"A lot of it just didn't seem very presidential," he said.

Last Friday was Veteran's day in these United States, and by now I'm sure you've heard that President-Elect Trump had better things to do.

Veterans Day came and went with millions of Americans around the nation coming together to share a somber embrace of dignity, honor, and respect for those who have served, or are actively serving, in the United States Military. One face was notably absent from the thousands of celebrations dotted across America; President-elect Donald J. Trump, who apparently did not attend a single Veteran’s Day celebration despite his impending rise to Commander in Chief of the entire United States military in just a few short weeks. If Trump were looking for a way in which to endear himself to the troops, of which Trump is solely responsible for issuing orders for them to risk their lives, this was likely not the best route.

After spending months describing how much respect he has for the military, while simultaneously attacking veterans like Sen. John McCain for being captured during Vietnam and disrespecting the family of fallen service members like Humayun Khan for the calamitous offense of being a Muslim, Trump was nowhere to be found. There is not a single note, record, or press release of Trump making any public appearances on Veteran’s Day. In fact, unless one follows Trump’s Twitter feed one might believe he was completely unaware the national holiday was even happening. Trump wrote on Twitter:

Today we express our deepest gratitude to all those who have served in our armed forces. #ThankAVet

That was it. Nothing else. He didn’t visit a graveyard, he didn’t make any telephone calls to military families, he didn’t visit the thousands of Americans recovering from various wounds and afflictions in our nation’s veterans hospitals, he didn’t even bring a dish to pass at a local community center potluck for veterans. When a minor gesture can make the difference to so many who have put their lives on the line to defend America, Trump decided that no gestures were required.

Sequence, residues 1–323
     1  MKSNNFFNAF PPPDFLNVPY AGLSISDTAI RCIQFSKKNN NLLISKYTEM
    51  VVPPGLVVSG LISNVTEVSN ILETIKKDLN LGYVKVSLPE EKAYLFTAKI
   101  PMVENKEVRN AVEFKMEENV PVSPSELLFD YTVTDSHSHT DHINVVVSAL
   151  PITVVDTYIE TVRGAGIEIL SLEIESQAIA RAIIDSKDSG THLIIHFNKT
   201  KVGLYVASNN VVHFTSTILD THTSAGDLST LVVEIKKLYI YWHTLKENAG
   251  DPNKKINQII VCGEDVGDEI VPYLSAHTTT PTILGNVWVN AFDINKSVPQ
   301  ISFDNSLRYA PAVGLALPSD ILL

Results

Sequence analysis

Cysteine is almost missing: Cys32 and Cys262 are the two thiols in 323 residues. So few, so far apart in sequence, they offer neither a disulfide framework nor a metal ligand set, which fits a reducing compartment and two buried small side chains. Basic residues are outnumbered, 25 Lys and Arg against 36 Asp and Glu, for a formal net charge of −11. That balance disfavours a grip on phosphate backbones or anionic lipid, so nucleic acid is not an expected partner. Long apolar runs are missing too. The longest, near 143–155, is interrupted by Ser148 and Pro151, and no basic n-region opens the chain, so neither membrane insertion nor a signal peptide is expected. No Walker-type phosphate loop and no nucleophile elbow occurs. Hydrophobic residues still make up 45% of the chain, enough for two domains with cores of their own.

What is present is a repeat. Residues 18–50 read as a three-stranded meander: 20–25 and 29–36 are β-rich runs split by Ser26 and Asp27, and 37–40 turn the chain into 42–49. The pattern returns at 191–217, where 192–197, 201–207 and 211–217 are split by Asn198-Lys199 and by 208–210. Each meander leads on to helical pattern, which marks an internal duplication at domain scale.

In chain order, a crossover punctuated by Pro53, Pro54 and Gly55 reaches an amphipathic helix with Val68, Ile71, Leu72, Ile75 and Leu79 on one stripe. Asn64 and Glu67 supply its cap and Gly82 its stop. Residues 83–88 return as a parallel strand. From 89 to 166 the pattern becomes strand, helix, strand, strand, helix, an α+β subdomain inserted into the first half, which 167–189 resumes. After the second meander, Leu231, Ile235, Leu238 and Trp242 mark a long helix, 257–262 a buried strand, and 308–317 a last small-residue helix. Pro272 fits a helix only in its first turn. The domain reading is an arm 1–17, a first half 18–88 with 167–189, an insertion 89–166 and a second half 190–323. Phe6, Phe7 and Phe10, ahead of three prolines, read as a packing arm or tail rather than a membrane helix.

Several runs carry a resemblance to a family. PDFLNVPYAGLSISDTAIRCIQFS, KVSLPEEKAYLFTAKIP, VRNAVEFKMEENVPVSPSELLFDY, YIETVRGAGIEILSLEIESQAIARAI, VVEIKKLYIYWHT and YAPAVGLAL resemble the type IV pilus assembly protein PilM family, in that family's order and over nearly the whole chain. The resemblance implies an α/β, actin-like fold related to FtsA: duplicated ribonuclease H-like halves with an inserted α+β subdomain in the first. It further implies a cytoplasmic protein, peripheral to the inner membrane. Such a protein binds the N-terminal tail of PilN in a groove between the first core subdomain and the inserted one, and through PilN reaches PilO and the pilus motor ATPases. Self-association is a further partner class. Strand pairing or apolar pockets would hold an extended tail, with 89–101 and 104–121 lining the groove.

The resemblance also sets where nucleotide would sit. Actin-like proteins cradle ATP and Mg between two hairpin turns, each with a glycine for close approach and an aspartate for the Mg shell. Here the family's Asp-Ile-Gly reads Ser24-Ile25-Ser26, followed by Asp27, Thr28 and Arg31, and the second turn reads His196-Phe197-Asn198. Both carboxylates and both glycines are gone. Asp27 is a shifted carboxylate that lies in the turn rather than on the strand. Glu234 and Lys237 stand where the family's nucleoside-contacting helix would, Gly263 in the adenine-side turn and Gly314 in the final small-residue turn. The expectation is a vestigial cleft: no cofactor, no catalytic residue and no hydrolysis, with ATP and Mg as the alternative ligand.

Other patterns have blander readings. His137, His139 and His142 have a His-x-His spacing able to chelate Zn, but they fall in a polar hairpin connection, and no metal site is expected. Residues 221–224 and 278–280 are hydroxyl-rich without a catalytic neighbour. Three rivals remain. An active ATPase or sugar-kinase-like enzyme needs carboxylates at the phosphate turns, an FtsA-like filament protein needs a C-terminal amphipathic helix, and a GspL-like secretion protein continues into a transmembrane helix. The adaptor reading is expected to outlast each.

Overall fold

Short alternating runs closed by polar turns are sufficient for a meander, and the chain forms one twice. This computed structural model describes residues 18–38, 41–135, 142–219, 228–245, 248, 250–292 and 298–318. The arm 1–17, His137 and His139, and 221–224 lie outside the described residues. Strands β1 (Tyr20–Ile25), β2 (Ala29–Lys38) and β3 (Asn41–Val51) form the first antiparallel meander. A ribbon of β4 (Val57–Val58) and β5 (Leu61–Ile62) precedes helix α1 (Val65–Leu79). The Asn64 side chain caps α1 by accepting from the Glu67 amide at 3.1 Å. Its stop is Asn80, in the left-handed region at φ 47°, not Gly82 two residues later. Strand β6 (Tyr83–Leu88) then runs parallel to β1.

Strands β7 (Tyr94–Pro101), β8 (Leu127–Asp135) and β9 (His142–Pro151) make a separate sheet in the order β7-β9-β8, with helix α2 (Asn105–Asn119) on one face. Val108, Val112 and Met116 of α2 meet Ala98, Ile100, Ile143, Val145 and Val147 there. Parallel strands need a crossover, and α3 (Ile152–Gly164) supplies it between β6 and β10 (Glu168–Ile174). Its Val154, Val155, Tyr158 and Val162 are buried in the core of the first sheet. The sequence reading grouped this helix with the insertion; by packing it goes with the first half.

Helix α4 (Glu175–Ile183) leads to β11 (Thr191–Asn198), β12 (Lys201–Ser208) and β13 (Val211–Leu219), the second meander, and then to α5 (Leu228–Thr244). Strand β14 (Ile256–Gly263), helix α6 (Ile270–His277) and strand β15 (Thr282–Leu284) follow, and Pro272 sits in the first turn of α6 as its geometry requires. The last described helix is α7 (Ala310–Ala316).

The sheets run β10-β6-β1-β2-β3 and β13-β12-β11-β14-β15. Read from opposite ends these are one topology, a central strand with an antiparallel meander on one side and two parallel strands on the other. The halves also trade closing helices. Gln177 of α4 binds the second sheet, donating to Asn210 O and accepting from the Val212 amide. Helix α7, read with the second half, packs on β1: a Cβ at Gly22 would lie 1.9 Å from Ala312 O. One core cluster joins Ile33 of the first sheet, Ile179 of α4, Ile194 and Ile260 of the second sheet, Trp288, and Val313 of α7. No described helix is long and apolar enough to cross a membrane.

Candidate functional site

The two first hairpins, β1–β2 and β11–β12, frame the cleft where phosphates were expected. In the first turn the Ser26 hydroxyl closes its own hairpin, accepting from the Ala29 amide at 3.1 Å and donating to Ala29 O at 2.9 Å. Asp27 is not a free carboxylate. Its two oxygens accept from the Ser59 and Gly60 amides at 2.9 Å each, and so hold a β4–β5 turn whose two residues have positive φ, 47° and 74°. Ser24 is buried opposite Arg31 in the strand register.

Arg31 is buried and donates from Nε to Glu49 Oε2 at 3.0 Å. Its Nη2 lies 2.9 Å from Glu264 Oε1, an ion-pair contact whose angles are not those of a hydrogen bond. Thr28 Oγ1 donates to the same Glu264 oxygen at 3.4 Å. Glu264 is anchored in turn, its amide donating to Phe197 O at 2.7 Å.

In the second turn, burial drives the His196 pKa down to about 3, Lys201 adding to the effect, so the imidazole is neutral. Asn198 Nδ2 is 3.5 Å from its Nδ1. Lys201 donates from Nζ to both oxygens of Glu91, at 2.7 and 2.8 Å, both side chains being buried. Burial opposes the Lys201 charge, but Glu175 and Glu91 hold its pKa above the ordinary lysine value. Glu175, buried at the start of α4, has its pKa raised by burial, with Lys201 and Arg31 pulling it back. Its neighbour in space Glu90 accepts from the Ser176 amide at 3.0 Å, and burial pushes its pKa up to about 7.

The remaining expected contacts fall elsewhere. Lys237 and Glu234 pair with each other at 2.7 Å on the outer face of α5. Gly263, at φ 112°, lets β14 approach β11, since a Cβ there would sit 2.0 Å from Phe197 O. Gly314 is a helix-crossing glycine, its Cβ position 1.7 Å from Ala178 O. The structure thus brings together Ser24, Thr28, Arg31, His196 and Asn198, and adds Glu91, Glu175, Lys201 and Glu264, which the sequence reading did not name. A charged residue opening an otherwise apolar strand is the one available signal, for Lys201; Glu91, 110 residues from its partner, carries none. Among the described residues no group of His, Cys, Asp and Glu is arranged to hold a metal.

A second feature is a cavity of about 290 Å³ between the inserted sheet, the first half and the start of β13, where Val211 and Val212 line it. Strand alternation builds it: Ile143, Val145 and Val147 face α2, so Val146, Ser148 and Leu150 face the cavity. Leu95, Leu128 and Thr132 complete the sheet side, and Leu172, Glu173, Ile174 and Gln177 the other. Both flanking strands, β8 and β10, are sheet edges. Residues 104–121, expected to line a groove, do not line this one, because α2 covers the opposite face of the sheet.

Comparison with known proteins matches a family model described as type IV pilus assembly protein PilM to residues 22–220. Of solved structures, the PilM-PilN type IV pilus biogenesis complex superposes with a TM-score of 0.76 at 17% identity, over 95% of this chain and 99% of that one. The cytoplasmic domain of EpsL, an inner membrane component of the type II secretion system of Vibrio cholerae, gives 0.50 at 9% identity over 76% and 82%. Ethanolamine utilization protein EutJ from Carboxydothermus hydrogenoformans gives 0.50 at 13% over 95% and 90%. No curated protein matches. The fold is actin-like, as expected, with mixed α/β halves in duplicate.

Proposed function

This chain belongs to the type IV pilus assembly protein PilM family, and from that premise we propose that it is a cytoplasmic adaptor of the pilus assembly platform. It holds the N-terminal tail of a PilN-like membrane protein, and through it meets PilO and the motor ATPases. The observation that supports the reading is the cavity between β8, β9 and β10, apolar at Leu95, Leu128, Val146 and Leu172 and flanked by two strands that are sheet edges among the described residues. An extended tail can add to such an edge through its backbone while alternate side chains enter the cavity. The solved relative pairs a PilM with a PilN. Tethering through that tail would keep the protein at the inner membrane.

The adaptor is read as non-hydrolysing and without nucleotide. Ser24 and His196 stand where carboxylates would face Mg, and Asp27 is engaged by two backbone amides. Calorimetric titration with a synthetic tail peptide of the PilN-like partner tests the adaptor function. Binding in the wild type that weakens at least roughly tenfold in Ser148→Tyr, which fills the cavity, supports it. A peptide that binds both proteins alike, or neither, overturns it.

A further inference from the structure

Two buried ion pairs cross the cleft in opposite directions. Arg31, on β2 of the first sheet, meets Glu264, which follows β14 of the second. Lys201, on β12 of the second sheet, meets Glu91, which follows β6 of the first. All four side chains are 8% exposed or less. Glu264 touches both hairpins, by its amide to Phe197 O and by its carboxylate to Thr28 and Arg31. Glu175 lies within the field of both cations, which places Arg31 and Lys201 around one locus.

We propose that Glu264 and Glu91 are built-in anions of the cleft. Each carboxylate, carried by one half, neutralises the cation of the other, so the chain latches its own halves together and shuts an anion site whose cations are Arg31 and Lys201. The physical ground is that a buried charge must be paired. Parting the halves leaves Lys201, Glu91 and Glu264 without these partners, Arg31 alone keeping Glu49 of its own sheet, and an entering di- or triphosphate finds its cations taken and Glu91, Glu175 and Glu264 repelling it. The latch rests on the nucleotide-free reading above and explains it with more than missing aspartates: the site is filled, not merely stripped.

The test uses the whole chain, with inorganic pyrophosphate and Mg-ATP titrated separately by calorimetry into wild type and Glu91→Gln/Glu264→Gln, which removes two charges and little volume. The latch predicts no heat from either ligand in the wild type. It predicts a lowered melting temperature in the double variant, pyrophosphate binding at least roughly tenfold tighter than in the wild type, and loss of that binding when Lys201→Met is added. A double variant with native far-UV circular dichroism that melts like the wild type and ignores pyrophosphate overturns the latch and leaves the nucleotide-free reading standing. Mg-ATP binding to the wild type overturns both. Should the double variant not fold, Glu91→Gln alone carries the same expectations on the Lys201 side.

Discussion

One can imagine the outrage of conservatives if the roles were reversed and President Barack Obama failed to make an appearance at a public event honoring veterans. There would be calls for Obama’s lack of patriotism, and that he was a traitor to those who serve under him. They would say that Obama is a weak leader, and does not inspire the troops. The babble would be endless and full of empty righteous indignation. Those scenarios didn’t happen, however, because President Obama was at Arlington National Cemetery on Veterans Day where he gave a humble speech about the thousands who are laid to rest, and to offer his sincere gratitude for the bravery of the fallen. That’s what a president should do, that is the duty of a president, which is something Donald J. Trump clearly does not understand.

Unfortunately, Veterans aren't immune to the Trumpification of America; the link below being the first example I found.

Black veteran says he was refused free Veteran's Day meal at Chili's after man in Trump shirt questioned his service

Of course, we've all had our nightmare and disaster scenarios swirling through our heads all week - we here at Ask A Vet aren't immune. Think about this one; every elected official anywhere in the United States takes an oath that includes the phrase "Preserve, Protect, and Defend the Constitution of the United States". Every active-duty personnel takes that oath as well, many with the qualifier "from all enemies, both foreign and domestic".

If an enemy of the Constitution is sitting in the oval office - could the Pentagon be compelled to remove him to protect that document, even by force of arms if necessary?

43 comments (Latest Comment: 11/15/2016 20:14:10 by Mondobubba)